Archive for May, 2010

Tokyo International Forum

Wednesday, May 12th, 2010

When one finds an amazing building amidst mediocrity it’s a joy. The Tokyo International Forum building by Rafeel Vinoly is such a building.

The Japanese are proud of wonderful craft. This can be seen in every aspect of this building. It was built in 1996 as the result of an international design competition. The amazing thing about this building is its above-ground component, which is relatively small compared to the underground area, but is a jewel of design. This portion of the building has a magnificently crafted interior: the glazing is amazing, the drama of the bridges from side to side, and the two techtonic columns holding everything up. The single piece of sculpture at the edge of the space is a traditional Japanese figure. It is engaged in dialogue with the ultra-contemporary space, creating a great contrast.

One of the best details is the canopy that leads to the nearby metro station. It is a curvaceous canopy made almost entirely of glass.

Although it’s very well done, I’m not sure how one can justify such a dramatic unusable space. The last time I saw such a space was Santiago Calatrava’s Milwaukee Art Museum, which is also a public space bathed in light and unusable for nothing other then social events. I suppose this forum is more appropriate since it’s houses the prefunction registration area for events, while Milwaukee is for social events in an art museum only. The Tokyo International Forum links form with function much better.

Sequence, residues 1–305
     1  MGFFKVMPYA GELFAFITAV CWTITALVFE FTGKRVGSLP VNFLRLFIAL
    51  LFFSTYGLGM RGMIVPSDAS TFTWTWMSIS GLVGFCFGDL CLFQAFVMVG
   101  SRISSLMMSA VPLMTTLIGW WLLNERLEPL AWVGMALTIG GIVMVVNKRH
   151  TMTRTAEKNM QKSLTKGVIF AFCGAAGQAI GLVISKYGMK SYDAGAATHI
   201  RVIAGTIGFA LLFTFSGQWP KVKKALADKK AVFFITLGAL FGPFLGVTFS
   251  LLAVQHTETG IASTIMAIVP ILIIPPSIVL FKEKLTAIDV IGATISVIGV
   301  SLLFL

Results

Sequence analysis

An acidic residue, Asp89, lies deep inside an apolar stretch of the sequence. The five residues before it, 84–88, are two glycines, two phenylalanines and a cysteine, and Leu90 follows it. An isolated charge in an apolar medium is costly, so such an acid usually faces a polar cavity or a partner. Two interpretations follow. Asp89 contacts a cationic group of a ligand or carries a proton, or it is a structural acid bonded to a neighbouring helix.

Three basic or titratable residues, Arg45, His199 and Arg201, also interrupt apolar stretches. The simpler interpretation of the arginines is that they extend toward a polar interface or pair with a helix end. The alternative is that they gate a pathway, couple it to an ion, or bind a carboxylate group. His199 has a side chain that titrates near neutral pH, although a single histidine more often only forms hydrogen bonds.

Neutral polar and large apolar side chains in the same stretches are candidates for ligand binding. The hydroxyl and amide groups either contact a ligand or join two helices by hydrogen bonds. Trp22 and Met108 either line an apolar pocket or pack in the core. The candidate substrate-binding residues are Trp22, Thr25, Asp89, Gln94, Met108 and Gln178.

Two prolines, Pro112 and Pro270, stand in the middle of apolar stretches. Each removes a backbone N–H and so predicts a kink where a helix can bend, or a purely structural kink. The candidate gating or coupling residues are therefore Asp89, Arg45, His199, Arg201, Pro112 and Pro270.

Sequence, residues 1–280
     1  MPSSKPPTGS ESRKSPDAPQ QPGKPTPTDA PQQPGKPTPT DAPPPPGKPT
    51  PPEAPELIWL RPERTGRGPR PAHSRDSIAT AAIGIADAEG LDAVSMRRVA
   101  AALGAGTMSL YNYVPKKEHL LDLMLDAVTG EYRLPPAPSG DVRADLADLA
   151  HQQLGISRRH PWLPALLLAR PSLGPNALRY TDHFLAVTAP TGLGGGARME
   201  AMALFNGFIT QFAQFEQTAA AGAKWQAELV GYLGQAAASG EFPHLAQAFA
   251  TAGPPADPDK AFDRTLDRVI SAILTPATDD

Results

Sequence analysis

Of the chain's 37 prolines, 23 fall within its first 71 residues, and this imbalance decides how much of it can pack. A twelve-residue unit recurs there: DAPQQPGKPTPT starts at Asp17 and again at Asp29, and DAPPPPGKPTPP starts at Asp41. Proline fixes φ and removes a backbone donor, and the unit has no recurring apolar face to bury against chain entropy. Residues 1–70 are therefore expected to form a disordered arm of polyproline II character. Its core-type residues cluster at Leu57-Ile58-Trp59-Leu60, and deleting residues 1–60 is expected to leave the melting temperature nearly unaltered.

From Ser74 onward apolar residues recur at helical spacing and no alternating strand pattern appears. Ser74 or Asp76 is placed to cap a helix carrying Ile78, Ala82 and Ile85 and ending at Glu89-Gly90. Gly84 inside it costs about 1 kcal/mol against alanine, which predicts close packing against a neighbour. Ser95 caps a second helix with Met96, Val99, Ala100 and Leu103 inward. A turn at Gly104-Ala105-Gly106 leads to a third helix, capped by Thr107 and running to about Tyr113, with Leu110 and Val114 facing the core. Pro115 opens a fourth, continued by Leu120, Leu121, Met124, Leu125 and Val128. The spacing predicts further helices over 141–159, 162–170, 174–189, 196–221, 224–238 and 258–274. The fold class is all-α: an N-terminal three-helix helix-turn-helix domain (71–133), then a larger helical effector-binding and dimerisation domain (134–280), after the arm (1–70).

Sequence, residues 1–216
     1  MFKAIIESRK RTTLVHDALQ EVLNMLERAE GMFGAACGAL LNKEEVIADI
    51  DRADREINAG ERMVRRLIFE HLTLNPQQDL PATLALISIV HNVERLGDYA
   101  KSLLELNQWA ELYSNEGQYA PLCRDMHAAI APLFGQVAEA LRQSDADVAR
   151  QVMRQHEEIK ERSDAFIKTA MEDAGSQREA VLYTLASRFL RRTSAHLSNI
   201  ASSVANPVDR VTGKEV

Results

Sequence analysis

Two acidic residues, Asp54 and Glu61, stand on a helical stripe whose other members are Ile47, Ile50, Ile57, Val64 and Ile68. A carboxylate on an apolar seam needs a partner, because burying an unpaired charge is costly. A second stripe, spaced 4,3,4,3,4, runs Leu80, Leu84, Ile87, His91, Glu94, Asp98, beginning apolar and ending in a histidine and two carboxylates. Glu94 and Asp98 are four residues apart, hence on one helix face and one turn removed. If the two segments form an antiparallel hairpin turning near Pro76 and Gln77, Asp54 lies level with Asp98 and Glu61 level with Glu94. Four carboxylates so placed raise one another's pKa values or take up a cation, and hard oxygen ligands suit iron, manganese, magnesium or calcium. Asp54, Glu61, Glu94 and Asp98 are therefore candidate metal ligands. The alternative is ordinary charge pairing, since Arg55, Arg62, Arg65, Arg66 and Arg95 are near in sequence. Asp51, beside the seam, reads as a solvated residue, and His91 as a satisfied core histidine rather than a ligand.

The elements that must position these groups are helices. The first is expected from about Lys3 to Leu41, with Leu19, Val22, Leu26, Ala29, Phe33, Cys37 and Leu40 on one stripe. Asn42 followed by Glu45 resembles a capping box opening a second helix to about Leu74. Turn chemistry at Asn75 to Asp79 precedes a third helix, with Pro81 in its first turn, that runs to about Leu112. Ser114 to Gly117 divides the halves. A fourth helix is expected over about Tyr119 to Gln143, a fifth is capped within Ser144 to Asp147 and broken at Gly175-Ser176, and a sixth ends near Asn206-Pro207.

As I mentioned, the forum sits adjacent to the Tokyo station (currently under renovation), which is being brought back to resemble the pre-WWII train station that was destroyed in a bombing. And nearby is a buttoned-up corporate district, filled with public art and wonderful streetscape.

There are many videos of the buiding and the architect. Here’s one.

Look down

Monday, May 10th, 2010

Last month I gave a talk at Hong Ik University in Seoul. Prior to going to the venue I noticed that this relatively non descript campus–architecturally speaking–had a great series of paving experiments up to the design building. The materials were wood, rough granite, cut granite, hewn wood, and more.

The next time that you go somewhere look down to see if they are having a good time with paving patterns. I would say what you find may not even compare to the level of attention and detail I saw here.

My friend Mark Painter Pariani shared with me this quotation by JRR Tolkein in respect to the importance of where we walk:

“It’s a dangerous business going out your door. You step onto the road, and if you don’t keep your feet, there’s no knowing where you might be swept off too.”

Besides what was on the ground, the arrow sculpture (pictured with me below) was the most dramatic piece in the environment.

Dominique Perrault’s EWHA Women’s University

Friday, May 7th, 2010

EWHA Women’s University in Seoul invited me to speak to their design students last month. This treat was made doubly sweet because their new student center building by Domenique Perrault was recently completed.

It’s essentially two subterranean buildings split by the stairs and ramp (the landscape above ground was left as-is). One side appeared to be  for classrooms, and the other with food services, theatre, etc.  One side has air ducts that form a canyon-like space with a fountain. This lets light into the lowest levels.